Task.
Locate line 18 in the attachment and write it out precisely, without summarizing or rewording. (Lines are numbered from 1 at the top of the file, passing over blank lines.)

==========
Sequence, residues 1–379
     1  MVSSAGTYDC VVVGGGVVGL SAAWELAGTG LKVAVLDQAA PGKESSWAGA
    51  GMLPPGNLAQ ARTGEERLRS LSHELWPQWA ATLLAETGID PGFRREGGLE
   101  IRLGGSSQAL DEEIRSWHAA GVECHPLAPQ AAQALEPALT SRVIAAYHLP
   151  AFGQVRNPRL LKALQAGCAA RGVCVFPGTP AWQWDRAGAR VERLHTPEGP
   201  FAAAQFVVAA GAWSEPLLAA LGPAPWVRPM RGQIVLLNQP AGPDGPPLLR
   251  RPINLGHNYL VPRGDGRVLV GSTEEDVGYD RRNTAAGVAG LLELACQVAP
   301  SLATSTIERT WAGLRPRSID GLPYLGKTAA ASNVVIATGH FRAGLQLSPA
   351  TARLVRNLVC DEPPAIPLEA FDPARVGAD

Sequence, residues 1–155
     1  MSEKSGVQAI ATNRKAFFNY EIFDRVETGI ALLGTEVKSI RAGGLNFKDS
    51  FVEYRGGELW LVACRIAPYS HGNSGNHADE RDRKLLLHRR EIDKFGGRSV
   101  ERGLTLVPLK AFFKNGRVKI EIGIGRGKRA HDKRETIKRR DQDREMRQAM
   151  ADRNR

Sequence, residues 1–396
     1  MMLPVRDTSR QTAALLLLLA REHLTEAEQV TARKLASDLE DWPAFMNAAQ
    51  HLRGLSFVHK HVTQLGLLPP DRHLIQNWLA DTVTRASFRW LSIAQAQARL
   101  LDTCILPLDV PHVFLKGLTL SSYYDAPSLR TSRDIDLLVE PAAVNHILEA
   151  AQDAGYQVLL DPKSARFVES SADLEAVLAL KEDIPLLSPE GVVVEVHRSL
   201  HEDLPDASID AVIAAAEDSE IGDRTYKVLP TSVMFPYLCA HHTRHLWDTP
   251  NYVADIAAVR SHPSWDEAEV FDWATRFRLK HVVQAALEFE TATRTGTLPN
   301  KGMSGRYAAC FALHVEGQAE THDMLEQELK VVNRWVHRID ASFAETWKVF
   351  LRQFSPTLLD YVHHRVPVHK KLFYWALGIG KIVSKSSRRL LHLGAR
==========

   101  LDTCILPLDV PHVFLKGLTL SSYYDAPSLR TSRDIDLLVE PAAVNHILEA